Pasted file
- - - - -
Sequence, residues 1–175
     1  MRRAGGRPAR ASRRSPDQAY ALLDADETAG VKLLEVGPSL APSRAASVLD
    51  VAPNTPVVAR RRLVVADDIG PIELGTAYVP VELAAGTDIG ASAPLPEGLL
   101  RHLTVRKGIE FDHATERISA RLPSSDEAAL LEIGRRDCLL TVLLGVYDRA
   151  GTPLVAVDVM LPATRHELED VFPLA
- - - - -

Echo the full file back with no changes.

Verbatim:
Sequence, residues 1–175
     1  MRRAGGRPAR ASRRSPDQAY ALLDADETAG VKLLEVGPSL APSRAASVLD
    51  VAPNTPVVAR RRLVVADDIG PIELGTAYVP VELAAGTDIG ASAPLPEGLL
   101  RHLTVRKGIE FDHATERISA RLPSSDEAAL LEIGRRDCLL TVLLGVYDRA
   151  GTPLVAVDVM LPATRHELED VFPLA